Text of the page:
I’ve created experimental CUDA packages that try to follow Fedora packaging guidelines as close as possible. Those have been updated to the Nvidia Fedora 20 repository, and are installable through normal
To install them, you need to use my repository that contains the latest drivers.
32 bit support
Nvidia is slowly fading out 32 bit support from CUDA, and you can see it reflected in the various packages. The Unified Video Memory kernel module (
nvidia-uvm.ko has been removed in version 346.16, CUDA graphical programs are 64 bit only, many libraries and compilers are available in 64 bit only, etc.
I’ve uploaded packages only to the Fedora 20 repository, as they are very big and this is what I’m using at the moment as my main desktop. To help test these, I’ve also added a package for ccminer, a CUDA cryptocurrency miner that links to the packages and requires them to be built. By installing it, all required CUDA runtime libraries should be installed as well.
If all goes well, my plan is to enable CUDA packages for all supported Fedora/CentOS/RHEL distributions and add also package software that in the current form do not use the Nvidia libraries.
As an example, the Blender package in Fedora does not (obviously) link to the CUDA libraries, so no CUDA rendering. On the contrary, the binary that you can download from the Blender website is linked statically to the CUDA libraries at compile time.
After some feedback I will enable them for all the other distributions. So if you need them, please test them.
A brief recap on the packages, here we have the full list of drivers and CUDA packages that are available inside the repository folder:
$ ls -1 *nvidia* *cuda*
From the above list, packages can be grouped as follows for an x86_64 system. For additional details, please see the repository page.
Kernel modules, in both
dkms variants. Instantiated kernel modules are available as rebuild in both by enabling the appropriate configuration on your system.
These are the basic driver packages, they are what is required along the kernel module packages to have accelerated drivers and full OpenGL support for a normal desktop. That is gaming, office use, etc. But no CUDA support.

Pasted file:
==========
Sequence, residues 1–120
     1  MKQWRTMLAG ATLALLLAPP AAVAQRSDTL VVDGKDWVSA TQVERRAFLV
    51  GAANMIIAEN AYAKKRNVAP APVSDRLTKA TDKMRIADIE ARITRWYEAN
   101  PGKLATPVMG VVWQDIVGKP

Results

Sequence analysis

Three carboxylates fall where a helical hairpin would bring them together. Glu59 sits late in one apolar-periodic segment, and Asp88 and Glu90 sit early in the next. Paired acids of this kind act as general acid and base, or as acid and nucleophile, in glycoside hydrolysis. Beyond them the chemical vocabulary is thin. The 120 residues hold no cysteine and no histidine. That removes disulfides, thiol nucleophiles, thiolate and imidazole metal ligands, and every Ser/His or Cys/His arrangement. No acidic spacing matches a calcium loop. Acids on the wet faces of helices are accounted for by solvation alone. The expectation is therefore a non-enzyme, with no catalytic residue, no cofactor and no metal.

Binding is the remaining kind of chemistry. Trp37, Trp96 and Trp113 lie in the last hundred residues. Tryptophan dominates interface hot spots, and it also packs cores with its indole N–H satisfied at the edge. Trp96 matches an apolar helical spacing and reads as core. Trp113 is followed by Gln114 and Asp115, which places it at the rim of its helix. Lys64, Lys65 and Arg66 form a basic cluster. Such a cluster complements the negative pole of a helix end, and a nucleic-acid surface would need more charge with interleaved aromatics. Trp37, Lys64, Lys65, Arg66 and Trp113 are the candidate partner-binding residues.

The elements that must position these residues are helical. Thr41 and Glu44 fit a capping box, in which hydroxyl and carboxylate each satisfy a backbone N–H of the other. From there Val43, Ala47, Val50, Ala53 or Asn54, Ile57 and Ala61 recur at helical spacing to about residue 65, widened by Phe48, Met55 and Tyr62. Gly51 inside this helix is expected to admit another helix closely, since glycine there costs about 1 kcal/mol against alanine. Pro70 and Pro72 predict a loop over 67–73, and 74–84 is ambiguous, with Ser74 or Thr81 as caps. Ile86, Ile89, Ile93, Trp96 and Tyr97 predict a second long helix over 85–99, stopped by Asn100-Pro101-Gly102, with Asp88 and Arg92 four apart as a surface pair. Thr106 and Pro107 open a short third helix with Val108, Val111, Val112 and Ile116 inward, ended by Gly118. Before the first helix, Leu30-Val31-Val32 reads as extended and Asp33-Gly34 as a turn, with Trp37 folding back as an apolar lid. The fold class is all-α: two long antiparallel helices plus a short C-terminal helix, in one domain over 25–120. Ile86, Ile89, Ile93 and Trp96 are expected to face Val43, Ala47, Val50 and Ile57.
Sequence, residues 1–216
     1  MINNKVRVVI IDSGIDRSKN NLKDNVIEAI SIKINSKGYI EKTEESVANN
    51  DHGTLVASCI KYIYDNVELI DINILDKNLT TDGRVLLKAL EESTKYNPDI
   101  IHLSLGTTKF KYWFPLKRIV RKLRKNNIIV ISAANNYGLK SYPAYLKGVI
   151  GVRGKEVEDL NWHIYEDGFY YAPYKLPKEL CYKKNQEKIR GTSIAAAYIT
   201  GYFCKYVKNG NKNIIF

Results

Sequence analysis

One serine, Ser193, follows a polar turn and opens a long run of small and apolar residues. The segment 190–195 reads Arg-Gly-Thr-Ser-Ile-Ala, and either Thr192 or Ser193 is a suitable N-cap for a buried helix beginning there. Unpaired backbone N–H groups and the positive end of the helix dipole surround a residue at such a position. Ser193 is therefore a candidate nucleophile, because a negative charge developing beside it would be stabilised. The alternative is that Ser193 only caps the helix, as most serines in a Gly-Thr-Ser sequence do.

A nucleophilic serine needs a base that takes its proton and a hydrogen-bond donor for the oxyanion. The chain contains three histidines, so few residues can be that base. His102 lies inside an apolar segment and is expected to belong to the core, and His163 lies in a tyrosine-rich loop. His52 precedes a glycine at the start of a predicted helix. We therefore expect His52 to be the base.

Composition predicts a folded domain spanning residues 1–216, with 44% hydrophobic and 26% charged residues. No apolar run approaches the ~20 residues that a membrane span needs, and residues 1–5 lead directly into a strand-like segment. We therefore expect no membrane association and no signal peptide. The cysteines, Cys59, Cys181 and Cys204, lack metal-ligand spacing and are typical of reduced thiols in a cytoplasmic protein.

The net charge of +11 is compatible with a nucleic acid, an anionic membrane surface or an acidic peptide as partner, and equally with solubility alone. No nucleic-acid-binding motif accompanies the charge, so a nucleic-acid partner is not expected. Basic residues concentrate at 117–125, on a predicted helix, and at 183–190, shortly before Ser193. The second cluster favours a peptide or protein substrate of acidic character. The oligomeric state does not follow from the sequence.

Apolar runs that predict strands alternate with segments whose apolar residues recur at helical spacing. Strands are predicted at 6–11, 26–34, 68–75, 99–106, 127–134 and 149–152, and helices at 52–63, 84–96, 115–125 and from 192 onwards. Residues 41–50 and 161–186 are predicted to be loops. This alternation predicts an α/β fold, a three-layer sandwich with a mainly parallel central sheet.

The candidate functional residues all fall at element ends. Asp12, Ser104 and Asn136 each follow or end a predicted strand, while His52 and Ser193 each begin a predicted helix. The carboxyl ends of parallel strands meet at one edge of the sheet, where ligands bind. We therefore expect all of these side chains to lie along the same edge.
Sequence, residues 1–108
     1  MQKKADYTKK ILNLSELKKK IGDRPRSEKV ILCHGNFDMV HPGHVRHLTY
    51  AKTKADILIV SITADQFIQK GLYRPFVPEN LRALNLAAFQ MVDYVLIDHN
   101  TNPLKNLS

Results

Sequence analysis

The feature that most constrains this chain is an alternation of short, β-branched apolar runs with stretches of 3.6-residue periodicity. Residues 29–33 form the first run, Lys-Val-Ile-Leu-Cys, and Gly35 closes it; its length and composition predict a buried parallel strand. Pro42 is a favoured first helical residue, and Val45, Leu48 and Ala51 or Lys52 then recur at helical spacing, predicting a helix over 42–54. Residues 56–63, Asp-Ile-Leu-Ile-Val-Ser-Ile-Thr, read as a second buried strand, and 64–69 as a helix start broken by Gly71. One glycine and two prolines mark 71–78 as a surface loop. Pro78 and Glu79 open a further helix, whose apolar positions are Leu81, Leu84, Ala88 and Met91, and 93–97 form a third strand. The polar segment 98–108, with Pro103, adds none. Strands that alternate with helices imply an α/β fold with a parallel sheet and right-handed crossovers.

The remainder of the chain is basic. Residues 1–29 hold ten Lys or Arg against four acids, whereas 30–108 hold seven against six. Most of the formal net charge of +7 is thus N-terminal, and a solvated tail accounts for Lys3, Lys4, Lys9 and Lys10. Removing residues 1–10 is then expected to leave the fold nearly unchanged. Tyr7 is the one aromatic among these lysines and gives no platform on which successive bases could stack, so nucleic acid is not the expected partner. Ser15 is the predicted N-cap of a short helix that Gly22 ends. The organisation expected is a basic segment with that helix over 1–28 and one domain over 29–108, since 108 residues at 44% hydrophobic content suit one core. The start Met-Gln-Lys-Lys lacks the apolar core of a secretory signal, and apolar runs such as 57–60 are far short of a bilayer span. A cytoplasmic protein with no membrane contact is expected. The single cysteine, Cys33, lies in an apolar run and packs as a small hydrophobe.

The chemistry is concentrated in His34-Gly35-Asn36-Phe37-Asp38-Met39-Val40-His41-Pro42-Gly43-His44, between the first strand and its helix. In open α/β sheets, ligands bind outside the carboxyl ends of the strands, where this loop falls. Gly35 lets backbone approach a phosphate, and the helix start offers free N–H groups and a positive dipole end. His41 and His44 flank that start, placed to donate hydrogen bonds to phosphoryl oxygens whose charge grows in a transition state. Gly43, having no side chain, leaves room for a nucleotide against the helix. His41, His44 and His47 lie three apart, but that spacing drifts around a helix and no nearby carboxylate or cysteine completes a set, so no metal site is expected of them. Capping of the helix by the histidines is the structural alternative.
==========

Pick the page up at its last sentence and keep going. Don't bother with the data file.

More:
Then we have the CUDA libraries and tools that are part of the drivers and not of the full CUDA toolkit, as they are closely tied to the drivers:
Then there are extra tools and libraries, like Framebuffer Compression OpenGL libraries, GPU Deployment Kit (NVML, also called Nvidia Management Library), command line configuration for very specific X.org setups and a tool that leverages the NVML library to perform health checks on GPU clusters.
Please note that the Nvidia Management Library headers and tools do not follow the same versioning of the main driver set as they are provided by Nvidia in a separate bundle that is compatible across multiple releases of the drivers. For example, at the time of writing this, we have 340.58 (long lived), 343.22 (short lived) and 346.18 (beta) drivers available.
All works with version 340.29 of the NVML libraries.
Lastly, we have all the development files (unversioned library symlinks, headers and documentation) for compiling programs that link to the above driver libraries.
After those, that have been provided here for more than a year, I’ve now added CUDA packages. These can be splitted into multiple components as well; first group contains most runtime components for simply running CUDA enabled programs:
Then we have development files (headers, stub libraries, documentation, compilers, etc.) for compiling programs that link to the CUDA libraries:
And then finally, we have Java GUI programs (debuggers, etc.):
Official Nvidia repositories
All the packages provide/require/obsolete the relevant driver packages in the RPMFusion repository and all the CUDA packages in the Nvidia repository; so you can enable this repository along with the official Nvidia CUDA one and RPMFusion at the same time. Packages will get upgraded accordingly.